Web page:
2. Multi-layer Drug-in-Adhesive.
Similar to the single-layer patch, but with multiple layers of adhesive, each containing the drug. This design allows for a more controlled release of the drug over time. Each layer can have different drug concentrations, enabling a more complex delivery profile.

3. Reservoir.
This type of patch has a separate drug reservoir, which is encased between a backing layer and a rate-controlling membrane. The drug is released through the membrane at a controlled rate, allowing for precise control over the dosage. These patches often provide a more consistent and prolonged drug delivery.

4. Matrix.
In matrix patches, the drug is embedded in a matrix layer, which is placed between the backing layer and the adhesive layer. The drug diffuses through the matrix and then through the adhesive to the skin. This design can provide a steady release of medication over time.

5. Vapor Patches.
These patches release essential oils or other substances that vaporize and are inhaled rather than absorbed through the skin. They are commonly used for aromatherapy or to deliver medications that benefit from inhalation.

6. Micro-reservoir.
This design combines the reservoir and matrix types. The drug is suspended in a solution and formed into tiny reservoirs within a gel-like matrix. This structure allows for a controlled and sustained release of the drug.

Types of Drugs Administered Through Transdermal Patches

Transdermal patches are used for various therapeutic purposes and deliver different types of medications. Here are some common examples:

Side Effects

Common side effects of transdermal medications include:

  • Local skin reactions. Redness, itching, rash, or swelling at the application site.
  • Systemic side effects. Depending on the drug, may include dizziness, nausea, headache, or other drug-specific side effects.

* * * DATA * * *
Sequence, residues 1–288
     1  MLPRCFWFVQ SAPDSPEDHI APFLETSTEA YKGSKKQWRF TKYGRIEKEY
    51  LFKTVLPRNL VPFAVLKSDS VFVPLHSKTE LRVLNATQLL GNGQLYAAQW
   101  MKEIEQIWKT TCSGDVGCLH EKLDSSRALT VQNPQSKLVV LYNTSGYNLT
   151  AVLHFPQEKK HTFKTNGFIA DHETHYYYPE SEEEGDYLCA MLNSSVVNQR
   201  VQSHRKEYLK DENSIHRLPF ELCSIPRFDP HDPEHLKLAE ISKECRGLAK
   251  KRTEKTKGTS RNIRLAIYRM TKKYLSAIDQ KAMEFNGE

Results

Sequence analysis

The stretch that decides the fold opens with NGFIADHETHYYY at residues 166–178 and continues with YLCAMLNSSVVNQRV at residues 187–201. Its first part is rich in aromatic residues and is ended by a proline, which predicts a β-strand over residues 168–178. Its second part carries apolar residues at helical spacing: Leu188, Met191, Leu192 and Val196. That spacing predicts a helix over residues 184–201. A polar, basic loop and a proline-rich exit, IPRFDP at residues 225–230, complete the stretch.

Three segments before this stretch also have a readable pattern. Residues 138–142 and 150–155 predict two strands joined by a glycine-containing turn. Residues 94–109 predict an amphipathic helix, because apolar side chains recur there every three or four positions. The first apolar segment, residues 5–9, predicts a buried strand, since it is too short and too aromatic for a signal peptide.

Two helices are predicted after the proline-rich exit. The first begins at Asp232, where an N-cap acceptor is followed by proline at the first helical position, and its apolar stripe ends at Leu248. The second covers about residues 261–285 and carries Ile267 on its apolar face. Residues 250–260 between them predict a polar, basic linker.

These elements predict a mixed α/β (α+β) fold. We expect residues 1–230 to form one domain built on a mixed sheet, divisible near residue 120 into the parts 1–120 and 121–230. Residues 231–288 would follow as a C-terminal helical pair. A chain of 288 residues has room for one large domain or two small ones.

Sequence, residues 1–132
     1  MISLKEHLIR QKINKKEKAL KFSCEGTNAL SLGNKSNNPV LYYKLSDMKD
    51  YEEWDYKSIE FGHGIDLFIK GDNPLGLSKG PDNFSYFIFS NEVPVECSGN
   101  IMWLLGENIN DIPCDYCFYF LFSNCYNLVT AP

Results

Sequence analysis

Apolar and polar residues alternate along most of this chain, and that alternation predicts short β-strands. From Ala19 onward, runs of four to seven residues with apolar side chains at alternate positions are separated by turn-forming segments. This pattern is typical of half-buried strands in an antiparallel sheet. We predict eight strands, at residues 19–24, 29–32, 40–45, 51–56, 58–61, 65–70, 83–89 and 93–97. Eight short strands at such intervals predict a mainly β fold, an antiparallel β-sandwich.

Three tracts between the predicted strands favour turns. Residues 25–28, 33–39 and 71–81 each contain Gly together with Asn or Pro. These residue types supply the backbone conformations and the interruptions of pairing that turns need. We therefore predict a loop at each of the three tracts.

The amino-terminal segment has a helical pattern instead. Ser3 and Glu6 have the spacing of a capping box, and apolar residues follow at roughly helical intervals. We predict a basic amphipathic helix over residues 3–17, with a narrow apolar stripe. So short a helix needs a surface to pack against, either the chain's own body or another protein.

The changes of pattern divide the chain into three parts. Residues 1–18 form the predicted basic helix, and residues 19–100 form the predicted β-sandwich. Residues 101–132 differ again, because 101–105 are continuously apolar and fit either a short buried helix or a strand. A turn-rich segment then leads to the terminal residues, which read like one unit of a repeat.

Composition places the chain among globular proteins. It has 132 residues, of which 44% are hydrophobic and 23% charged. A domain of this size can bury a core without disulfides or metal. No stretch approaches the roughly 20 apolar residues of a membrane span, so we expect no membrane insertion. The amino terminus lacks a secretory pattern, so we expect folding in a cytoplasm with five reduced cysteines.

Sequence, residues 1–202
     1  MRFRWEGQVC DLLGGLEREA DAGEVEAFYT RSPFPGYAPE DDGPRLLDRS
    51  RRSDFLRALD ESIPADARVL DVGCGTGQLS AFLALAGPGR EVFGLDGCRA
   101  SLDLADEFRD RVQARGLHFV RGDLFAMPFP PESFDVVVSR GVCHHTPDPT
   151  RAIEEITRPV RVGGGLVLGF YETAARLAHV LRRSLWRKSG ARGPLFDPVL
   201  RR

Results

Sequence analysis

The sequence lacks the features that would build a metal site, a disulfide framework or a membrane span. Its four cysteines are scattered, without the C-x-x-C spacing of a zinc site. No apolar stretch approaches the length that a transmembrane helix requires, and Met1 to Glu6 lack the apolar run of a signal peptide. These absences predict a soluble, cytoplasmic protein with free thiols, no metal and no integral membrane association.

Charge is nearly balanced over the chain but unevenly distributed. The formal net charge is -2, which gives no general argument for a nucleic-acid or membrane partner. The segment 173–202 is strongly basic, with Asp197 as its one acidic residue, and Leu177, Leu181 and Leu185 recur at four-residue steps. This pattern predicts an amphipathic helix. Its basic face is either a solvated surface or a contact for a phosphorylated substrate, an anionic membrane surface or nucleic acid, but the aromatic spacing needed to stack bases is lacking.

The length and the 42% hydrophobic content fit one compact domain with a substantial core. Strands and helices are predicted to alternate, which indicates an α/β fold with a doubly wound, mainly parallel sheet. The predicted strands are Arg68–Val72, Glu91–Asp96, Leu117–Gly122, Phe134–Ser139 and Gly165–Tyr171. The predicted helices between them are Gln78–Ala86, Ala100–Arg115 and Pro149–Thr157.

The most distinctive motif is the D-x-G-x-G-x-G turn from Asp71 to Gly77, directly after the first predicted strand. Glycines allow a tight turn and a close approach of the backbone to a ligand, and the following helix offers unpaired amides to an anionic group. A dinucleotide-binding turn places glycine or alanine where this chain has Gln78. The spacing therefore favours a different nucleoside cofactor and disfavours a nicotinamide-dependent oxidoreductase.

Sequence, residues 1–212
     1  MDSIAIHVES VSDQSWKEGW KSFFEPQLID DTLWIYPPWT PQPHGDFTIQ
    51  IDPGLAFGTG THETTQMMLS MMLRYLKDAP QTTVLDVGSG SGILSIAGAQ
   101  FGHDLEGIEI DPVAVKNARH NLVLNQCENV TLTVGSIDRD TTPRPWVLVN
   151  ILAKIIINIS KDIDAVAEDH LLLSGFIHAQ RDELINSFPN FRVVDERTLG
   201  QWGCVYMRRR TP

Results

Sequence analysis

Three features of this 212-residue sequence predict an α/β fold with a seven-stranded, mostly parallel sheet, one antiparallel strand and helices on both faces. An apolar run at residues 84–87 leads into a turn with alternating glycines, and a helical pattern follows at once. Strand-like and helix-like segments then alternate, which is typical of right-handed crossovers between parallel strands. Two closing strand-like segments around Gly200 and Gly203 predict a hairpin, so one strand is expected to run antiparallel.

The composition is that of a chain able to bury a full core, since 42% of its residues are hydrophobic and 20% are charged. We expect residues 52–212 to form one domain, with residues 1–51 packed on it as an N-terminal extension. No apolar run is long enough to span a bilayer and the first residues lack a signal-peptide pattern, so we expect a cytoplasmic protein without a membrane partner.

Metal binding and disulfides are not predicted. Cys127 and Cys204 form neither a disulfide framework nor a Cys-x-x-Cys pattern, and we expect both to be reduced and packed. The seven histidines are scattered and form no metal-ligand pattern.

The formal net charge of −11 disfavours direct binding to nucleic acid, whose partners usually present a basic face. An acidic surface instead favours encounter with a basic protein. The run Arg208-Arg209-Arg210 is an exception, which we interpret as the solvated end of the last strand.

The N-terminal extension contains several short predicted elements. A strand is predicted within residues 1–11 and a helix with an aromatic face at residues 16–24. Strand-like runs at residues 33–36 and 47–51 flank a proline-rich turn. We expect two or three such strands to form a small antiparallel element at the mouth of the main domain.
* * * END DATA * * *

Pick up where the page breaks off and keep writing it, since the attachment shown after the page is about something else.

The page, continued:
• Allergic reactions. Rare but possible, requiring immediate medical attention.

How to Apply Transdermal Medication?

Proper application of transdermal medication is key to achieving effective drug delivery and reducing side effects. This guide provides a detailed step-by-step process:

1. Before applying the new patch, review the physician’s order or the drug label for placement instructions, which suggest the upper chest, upper outer arm, lower abdomen, or hip.
This ensures efficient skin absorption, minimizing the chance of uneven drug effects and maximizing therapeutic benefits, ensuring patient safety and comfort.

2. Remove any old patches containing the same drug by peeling back an edge and gently pulling it off. Fold it with sticky sides together and discard it.
Correct disposal of old patches maintains consistent dosing, prevents overdose, and avoids irritation.

3. Clean the application area with clear water, pat it dry completely, and avoid using soaps, alcohols, lotions, or oils before applying the patch.
Clean, dry skin free of any residue optimizes the patch’s ability to adhere and function effectively.

4. Carefully open the pouch and remove the patch without touching the adhesive side.